They are well-suited to grow in USDA Hardiness Zones 5-8, making them suitable for a wide geographic range.
Japanese Maple Care Guide
Cultivating healthy and vibrant Fireglow and Bloodgood Japanese maples requires proper care and attention. Here are essential guidelines to ensure their well-being:
When To Plant Japanese Maple
The best time to plant Japanese maples is in the spring or fall when the weather is mild. This allows the trees to establish their root systems before experiencing extreme temperatures.
Where To Plant Japanese Maple
Choose a location that provides partial shade to full sun. Japanese maples thrive in well-drained soil with a slightly acidic pH. Avoid areas prone to strong winds as they can damage the delicate foliage.
Japanese Maple Tree Watering
Consistent and adequate watering is crucial, especially during dry spells. Water deeply, but avoid waterlogging the soil as excessive moisture can lead to root rot.
Mulching around the base of the tree can help retain soil moisture. Pull mulch several inches away from the trunk after application.
Japanese Maple Tree Fertilizer
Japanese maples generally don’t require heavy fertilization. However, applying a slow-release, balanced fertilizer, like this one specifically for Japanese maples, in early spring can provide the necessary nutrients for healthy growth.
Avoid high-nitrogen fertilizers, and follow the product instructions for proper dosage.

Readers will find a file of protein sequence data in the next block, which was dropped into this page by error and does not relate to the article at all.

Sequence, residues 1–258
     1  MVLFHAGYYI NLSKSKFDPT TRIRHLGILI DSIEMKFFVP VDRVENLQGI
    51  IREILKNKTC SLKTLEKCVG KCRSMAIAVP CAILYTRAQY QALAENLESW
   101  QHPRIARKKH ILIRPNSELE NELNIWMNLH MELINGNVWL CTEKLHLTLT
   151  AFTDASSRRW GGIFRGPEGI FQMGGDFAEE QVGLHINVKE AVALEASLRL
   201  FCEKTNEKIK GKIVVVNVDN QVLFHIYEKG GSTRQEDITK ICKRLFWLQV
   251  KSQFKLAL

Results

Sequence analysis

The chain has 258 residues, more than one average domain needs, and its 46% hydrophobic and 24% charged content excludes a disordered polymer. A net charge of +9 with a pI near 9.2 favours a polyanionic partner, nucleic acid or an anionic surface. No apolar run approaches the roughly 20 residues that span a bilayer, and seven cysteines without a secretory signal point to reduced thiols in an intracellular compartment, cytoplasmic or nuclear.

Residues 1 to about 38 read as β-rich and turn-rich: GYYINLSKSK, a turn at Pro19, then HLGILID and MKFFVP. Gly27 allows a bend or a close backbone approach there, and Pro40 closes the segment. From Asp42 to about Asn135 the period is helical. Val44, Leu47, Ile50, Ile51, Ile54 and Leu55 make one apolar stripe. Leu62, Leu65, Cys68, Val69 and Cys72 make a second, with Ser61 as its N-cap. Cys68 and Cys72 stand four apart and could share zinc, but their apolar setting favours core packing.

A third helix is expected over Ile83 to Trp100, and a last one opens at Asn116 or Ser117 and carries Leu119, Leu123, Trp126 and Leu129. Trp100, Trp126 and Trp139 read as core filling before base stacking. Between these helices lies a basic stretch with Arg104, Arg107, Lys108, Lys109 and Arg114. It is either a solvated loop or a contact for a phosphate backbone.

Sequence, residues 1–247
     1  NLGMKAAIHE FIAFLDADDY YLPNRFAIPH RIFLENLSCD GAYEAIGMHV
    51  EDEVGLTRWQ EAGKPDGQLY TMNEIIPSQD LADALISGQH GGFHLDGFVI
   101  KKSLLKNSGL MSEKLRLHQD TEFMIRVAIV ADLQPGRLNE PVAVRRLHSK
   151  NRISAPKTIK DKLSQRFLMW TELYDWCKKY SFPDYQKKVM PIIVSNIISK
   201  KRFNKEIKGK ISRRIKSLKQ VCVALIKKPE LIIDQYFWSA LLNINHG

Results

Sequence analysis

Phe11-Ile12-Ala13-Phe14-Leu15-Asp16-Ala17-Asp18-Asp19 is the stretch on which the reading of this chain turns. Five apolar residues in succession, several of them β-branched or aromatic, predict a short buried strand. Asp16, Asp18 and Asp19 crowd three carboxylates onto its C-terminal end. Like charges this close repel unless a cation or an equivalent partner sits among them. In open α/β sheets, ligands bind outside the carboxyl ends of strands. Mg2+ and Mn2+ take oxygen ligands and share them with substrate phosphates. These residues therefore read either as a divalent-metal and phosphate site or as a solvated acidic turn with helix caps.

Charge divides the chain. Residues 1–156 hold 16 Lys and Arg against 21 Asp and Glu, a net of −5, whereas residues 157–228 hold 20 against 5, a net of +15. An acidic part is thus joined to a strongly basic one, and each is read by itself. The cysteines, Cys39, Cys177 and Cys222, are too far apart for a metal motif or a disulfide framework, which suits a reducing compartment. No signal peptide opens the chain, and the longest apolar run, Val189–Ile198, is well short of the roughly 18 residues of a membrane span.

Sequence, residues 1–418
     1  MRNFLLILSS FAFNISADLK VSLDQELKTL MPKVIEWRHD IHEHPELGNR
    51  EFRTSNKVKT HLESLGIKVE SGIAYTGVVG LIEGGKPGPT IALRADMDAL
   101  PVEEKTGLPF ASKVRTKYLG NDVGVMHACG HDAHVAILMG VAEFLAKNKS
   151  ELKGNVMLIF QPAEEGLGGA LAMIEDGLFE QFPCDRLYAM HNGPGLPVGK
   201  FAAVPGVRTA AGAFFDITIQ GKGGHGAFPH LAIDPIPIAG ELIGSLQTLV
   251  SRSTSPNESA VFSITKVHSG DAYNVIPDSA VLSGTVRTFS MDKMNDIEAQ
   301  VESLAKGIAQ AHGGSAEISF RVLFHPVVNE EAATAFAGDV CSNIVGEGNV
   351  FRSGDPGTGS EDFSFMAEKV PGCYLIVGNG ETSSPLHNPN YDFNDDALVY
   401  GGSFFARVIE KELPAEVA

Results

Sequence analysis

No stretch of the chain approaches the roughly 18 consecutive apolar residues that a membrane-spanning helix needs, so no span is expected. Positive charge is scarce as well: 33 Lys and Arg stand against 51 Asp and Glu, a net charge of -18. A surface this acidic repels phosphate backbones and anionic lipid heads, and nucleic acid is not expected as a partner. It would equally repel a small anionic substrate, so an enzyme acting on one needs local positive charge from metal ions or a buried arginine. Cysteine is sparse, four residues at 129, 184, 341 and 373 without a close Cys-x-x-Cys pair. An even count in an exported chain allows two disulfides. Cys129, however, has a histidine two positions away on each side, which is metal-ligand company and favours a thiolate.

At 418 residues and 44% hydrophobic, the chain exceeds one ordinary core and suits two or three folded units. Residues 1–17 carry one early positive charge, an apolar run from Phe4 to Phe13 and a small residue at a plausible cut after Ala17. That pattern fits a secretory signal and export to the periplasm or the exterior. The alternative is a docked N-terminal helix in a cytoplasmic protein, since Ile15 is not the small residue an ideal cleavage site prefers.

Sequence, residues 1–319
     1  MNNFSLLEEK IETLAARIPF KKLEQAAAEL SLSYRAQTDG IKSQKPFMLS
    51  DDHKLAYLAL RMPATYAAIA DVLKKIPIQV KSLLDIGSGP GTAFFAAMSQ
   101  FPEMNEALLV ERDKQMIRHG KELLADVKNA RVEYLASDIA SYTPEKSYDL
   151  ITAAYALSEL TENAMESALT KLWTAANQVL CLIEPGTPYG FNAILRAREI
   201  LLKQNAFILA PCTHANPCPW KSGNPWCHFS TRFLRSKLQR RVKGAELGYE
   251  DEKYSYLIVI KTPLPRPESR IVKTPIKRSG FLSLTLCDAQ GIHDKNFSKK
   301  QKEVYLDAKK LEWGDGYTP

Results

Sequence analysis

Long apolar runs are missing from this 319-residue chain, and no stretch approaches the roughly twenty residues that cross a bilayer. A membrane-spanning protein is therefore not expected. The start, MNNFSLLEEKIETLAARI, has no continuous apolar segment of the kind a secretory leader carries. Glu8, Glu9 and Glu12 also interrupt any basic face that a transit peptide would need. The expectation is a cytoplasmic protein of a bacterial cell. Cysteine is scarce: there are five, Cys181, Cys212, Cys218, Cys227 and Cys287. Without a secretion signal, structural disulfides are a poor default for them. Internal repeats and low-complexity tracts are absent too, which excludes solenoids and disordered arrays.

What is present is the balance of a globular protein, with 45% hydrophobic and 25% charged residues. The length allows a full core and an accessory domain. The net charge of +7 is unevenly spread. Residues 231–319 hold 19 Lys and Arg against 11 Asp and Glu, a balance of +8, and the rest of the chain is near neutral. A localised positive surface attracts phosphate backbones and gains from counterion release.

Japanese Maple Tree Pruning
Pruning is primarily done for maintenance and shaping purposes. Remove any dead, diseased, or crossing branches. Prune during the dormant season (late winter or early spring) to minimize stress on the tree.
Fireglow and Bloodgood Japanese maples are versatile trees that can enhance various landscape designs. Here are some design considerations to maximize their impact:
- Specimen Tree: Plant a single Fireglow or Bloodgood as a focal point to highlight its vibrant foliage and elegant form.
- Borders and Group Plantings: Create stunning borders by planting multiple Japanese maples together, combining Fireglow and Bloodgood for contrasting colors.
- Containers: Due to their moderate size, Fireglow and Bloodgood are suitable for container gardening, bringing their beauty to patios, decks, or balconies.
- Color Combinations: Pair Fireglow or Bloodgood with plants that have complementary colors, such as yellow or lime-green foliage, to create visually appealing combinations.
Why Is My Japanese Maple Not Turning Red?
The red coloration of Japanese maples in the fall is influenced by factors such as temperature, sunlight, and the tree’s health.
If your Japanese maple is not turning red, it could be due to insufficient sunlight, stress, improper pruning, or a nutrient imbalance.
Which Japanese Maple Stays Red All Year?
While most Japanese maples display stunning red foliage in the fall, there are a few varieties that maintain red coloration throughout the year.
One such variety is the ‘Crimson Queen’, which features deep red leaves that persist from spring to fall, adding a striking element to the landscape.